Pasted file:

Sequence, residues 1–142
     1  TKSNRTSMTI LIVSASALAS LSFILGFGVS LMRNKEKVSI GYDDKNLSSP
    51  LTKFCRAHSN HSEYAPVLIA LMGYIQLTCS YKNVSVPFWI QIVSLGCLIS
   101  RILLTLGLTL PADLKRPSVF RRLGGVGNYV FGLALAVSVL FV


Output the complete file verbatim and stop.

Sequence, residues 1–142
     1  TKSNRTSMTI LIVSASALAS LSFILGFGVS LMRNKEKVSI GYDDKNLSSP
    51  LTKFCRAHSN HSEYAPVLIA LMGYIQLTCS YKNVSVPFWI QIVSLGCLIS
   101  RILLTLGLTL PADLKRPSVF RRLGGVGNYV FGLALAVSVL FV